The first known clock humans used was a sundial of some kind, which told us the time with as much precision as we needed: how high is the sun in the sky, and how long will it be till dark?
A sundial tells more exactly than the eye alone where our real clock, the sun, is. It’s not surprising that people use the sun’s position to give shape to the events of their lives, since all life owes its existence to the effects of the sun’s energy, and indeed evolved in rhythm with its presence and absence.
The first use of time, then, is to stay in touch with one’s physical environment and its cycle of light and dark, hot and cold, high tide and low tide, growth and decay: we must synchronize with the environment our own cycles of hunger, thirst, and sex.
For such uses of time we must know where the sun is. But people often want to synchronize themselves not only with the physical world, but with other people: to catch trains, work in offices, eat lunch together, and so on.
In order to coordinate our activities, we must give time a name that is understood by all concerned. Thus, the key difference between dealing with the natural and human worlds is that whereas the earth and sun tell us what time it is, we must agree with the rest of humanity on what time it is for time to mean anything.
For the entire technological world, the agreed keeper of time is the Bureau International de l’Heure (BIH) in Paris, which stays in constant contact with laboratories and observatories in seventy countries, all of which contribute to the official “correct time.”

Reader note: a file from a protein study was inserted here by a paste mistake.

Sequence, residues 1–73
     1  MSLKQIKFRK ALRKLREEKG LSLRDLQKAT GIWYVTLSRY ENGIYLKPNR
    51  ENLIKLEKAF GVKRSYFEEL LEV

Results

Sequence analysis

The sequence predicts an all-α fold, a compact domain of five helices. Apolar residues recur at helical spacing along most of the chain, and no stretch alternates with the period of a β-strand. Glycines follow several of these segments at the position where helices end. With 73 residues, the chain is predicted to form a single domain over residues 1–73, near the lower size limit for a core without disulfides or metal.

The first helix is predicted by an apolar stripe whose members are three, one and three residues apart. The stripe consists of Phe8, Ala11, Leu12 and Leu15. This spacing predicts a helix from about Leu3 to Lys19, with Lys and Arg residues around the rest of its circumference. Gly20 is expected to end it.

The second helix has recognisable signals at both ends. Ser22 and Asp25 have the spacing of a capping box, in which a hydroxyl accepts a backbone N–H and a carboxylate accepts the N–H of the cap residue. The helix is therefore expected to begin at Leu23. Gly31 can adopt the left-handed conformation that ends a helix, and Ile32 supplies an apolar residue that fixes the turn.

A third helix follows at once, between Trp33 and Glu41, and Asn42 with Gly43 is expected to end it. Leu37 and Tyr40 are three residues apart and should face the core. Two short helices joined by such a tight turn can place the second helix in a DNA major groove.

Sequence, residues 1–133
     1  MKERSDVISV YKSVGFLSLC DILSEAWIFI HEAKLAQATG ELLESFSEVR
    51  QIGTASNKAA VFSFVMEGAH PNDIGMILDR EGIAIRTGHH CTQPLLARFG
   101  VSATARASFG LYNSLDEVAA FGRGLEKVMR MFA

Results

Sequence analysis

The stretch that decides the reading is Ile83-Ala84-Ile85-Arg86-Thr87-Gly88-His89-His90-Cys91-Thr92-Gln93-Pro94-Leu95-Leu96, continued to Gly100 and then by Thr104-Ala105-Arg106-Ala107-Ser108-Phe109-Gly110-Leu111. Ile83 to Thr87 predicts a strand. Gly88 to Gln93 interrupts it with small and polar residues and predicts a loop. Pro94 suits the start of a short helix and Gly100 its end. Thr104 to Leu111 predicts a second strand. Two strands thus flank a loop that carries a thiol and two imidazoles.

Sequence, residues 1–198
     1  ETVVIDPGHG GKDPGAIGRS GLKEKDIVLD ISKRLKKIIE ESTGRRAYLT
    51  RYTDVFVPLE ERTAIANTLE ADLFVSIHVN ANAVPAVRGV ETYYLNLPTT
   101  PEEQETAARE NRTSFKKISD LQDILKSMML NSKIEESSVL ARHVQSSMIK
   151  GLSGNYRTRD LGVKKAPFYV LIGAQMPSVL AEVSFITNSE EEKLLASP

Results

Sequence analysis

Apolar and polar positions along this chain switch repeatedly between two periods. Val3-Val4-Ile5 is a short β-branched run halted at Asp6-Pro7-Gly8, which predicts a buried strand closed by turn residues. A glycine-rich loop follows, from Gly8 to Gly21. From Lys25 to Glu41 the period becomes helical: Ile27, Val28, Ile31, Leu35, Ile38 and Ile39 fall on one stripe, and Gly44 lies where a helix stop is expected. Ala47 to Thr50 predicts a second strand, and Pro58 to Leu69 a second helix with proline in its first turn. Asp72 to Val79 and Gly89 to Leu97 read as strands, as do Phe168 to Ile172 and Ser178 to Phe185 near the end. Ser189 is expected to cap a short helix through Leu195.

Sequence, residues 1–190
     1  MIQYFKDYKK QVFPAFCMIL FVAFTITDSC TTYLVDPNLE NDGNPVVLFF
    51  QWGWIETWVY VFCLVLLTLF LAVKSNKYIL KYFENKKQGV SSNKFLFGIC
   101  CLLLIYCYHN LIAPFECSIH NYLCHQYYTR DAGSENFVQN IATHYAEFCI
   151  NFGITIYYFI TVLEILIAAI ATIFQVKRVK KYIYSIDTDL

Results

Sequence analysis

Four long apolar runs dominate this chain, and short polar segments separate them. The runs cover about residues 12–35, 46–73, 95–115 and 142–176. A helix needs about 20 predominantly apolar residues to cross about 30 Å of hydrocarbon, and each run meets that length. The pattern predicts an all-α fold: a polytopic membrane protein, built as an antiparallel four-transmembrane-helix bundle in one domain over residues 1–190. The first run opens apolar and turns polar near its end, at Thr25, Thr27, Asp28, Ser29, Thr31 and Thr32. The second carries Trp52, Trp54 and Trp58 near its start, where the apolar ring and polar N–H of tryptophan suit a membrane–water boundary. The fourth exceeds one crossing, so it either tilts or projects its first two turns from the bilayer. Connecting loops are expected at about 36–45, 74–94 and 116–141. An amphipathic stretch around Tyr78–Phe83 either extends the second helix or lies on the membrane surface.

The clocks at the BIH and at the headquarters of national organizations such as our National Bureau of Standards are impressive in their precision. Coordinated Universal Time (abbreviated UTC, for some reason), the standard they all keep, is exact to within a few billionths of a second.
The clocks used by the BIH and its members owe their regularity and accuracy to the properties of the element cesium, a silver colored alkali metal. A cesium clock is actually a machine that produces a tone of exact pitch and frequency.
An electromagnetic signal’s frequency is a statement of how often the photons that make it up vibrate each second. But since it is the second we want to define and maintain, we say instead that the second is some number of photon vibrations.